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A touch of style
Then again, the Nexus 7's synthetic back looks like it might be somewhat absorbent. The material reminds me a little of pleather; it has a soft feel, and the black surface resists ugly fingerprints and smudges. There's enough texture for a good grip, too.

The back isn't quite leather, but the silver band running around the outside edge is real metal according to Asus, which manufactures the Nexus 7 to Google's specifications. There's no need to worry about holding the Nexus wrong. The metal strip doesn't seem to hamper the tablet's Wi-Fi or GPS performance.

The Nexus 7's only ports are located at the bottom of the device. There's a 3.5-mm audio jack for headsets and a Micro USB port for the included charger. USB peripherals and storage devices can be connected, as well, but only after rooting the tablet and installing third-party software. Google seems intent on users tapping into cloud-based storage, which may be why the Nexus 7 lacks an SD slot. The tablet itself comes with 8GB or 16GB of internal storage.

The speaker can also be found along the bottom edge of the device. It's located in the middle and shouldn't be obscured when you're holding the tablet in portrait mode. Switching to landscape mode can muffle the speaker depending on how the tablet is held.

The speaker's sound quality is only average, but we have to give credit to Google for the built-in microphones. There are two of them on the device, and they do a good job of picking up Skype chatter and input for voice searches, even when one holds the Nexus at arm's length. You'll want to be in a reasonably quiet environment to get the best results, though.

Note the lack of a lens on the back of the Nexus 7. Google elected to leave a rear-facing camera off the device, which suits us just fine. Taking pictures with a tablet has always felt awkward, and it looks supremely dorky. The front-facing shooter offers a 1.2-megapixel resolution and should be sufficient for video calls.

Processor Nvidia Tegra 3 T30L 1.2/1.3GHz with GeForce graphics
Display 7" IPS TFT with 1280x800 resolution
Memory 1GB DDR3L
Storage 8/16GB
Ports 1 analog audio headphone/mic port
1 Micro USB
Expansion slots NA
Communications 802.11n Wi-Fi
Bluetooth 3.0
Camera 1.2-megapixel front
Input devices 10-finger capacitive touchscreen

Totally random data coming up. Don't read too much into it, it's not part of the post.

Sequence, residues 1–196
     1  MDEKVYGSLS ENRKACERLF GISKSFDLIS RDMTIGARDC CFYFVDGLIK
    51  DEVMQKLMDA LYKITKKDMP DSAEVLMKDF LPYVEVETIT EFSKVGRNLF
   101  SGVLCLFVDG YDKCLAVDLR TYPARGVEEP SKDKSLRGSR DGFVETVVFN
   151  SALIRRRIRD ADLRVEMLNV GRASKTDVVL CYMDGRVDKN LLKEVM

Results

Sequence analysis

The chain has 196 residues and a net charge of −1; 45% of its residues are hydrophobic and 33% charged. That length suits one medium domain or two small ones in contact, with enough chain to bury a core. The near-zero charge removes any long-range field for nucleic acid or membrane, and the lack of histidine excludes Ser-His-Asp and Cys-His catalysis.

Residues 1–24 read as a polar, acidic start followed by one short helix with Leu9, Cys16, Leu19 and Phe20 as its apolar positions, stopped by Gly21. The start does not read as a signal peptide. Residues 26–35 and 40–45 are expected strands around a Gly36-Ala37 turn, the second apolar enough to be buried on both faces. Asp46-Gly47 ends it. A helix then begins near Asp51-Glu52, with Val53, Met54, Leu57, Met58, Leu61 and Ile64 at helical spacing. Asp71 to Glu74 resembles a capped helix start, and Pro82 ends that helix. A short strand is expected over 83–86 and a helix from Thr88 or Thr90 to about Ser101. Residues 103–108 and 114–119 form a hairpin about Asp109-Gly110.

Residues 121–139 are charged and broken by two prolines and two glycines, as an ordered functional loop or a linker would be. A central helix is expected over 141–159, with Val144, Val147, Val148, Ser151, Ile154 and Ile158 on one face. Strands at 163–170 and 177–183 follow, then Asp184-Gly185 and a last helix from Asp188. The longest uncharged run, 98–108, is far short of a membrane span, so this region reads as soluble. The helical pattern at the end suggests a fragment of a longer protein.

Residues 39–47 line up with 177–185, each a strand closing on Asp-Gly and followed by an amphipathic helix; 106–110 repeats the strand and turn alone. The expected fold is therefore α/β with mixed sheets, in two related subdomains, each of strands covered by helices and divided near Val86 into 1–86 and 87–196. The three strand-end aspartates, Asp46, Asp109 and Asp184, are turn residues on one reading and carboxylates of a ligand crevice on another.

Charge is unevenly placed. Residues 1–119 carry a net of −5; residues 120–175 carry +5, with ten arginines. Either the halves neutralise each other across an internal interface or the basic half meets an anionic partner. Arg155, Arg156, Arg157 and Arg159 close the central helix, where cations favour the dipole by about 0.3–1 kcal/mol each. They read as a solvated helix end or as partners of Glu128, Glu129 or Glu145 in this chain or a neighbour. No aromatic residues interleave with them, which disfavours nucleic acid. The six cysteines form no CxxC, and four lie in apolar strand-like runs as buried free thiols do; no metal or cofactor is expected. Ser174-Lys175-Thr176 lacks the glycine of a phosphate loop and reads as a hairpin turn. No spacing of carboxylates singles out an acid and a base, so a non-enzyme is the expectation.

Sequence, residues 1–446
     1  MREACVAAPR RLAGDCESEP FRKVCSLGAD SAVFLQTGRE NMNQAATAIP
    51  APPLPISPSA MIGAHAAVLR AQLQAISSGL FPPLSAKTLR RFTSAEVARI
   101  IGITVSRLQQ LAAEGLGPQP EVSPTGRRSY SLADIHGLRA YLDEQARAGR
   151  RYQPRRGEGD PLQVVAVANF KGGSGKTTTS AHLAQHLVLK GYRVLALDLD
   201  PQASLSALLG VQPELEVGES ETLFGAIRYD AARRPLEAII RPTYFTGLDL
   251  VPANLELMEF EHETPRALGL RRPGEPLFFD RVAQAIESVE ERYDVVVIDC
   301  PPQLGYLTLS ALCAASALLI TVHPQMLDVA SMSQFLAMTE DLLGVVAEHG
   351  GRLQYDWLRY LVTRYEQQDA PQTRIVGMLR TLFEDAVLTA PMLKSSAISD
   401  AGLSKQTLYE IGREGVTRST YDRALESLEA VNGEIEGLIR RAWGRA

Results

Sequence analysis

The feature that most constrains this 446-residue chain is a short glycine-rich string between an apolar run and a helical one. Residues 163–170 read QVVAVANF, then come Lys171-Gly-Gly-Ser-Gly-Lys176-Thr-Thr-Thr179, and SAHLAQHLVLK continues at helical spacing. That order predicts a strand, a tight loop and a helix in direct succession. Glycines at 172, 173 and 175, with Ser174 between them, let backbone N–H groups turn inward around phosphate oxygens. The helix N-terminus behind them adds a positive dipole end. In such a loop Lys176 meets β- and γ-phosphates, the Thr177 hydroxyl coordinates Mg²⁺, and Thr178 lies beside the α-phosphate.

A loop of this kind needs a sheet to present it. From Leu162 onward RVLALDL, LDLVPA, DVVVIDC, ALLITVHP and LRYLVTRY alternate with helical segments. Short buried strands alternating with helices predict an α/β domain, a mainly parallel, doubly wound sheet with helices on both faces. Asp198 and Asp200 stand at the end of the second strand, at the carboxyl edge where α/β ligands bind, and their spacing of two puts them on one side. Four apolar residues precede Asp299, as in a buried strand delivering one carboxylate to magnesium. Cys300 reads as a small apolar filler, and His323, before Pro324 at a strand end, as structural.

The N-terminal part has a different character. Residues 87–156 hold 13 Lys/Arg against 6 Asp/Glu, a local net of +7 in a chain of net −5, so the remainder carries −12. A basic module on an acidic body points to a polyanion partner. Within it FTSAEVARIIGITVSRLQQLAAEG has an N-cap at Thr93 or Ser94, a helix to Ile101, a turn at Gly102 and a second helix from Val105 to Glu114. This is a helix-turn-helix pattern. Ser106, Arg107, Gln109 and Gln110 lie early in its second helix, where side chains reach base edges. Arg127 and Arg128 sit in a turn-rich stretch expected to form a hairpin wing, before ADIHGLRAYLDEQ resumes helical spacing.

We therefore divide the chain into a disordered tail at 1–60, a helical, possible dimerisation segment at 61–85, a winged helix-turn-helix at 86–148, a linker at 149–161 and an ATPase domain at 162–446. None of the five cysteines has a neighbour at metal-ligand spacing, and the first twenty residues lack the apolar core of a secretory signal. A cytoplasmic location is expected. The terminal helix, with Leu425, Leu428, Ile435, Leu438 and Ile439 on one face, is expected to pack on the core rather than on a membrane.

Dimensions 7.8" x 4.7" x 0.41" (198 x 120 x 10.4 mm)
Weight 0.75 lbs (340 grams)
Battery 4325mAh lithium-polymer

Under the hood, the Nexus 7 features the same Nvidia Tegra 3 T30L processor found in the Transformer Pad 300, which starts at $380. This SoC has a novel architecture that alternates between a single, low-power "companion" core and a cluster of four high-speed cores. All the cores are based on the ARM Cortex-A9. While the companion core tops out at 500MHz, the quad-core cluster can ramp clock speeds up to 1.2GHz with all cores active or 1.3GHz with a single core. The chip is intelligent enough to cut power to unneeded cores, and it can dynamically adjust clock speeds based on system demand.

The Tegra 3's five CPU cores are complemented by an integrated GeForce GPU boasting 12 "cores" of its own. Nvidia has revealed little about the nuts and bolts of this graphics processor, but it typically refers to ALUs as graphics cores. We do know the built-in GeForce has dedicated logic for video encoding and decoding.

A trio of wireless connectivity options round out the Nexus 7's spec sheet. 802.11n Wi-Fi and Bluetooth are a given, of course, and Google has added Near Field Communication (NFC) to the mix. The tablet also features a GPS unit, an accelerometer, and a gyroscope. Despite the bargain price, Google has left few features on the cutting-room floor. It's worth noting that there's no option for cellular broadband, though. You'll need to tether or seek out Wi-Fi hotspots when on the go.

It might seem like a small detail, but I've gotta give Google credit for equipping the Nexus 7 with a tiny wall charger coated in matte plastic. Asus has been using glossy wall warts for its Transformer tablets, and they always seem to get coated with fingerprints here in the Benchmarking Sweatshop. Unfortunately, the Nexus' accompanying cable has glossy plugs on either end. I had to wipe those down with a microfiber cloth to make sure the accumulated smudges didn't show up in the picture above.